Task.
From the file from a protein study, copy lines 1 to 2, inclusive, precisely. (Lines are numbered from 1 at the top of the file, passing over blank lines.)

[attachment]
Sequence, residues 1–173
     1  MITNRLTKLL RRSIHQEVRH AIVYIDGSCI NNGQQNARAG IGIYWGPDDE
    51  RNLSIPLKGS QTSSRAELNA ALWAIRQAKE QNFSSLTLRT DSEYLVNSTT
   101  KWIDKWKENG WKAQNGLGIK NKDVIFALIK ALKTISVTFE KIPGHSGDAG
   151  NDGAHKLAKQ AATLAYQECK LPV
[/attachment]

Sequence, residues 1–173
     1  MITNRLTKLL RRSIHQEVRH AIVYIDGSCI NNGQQNARAG IGIYWGPDDE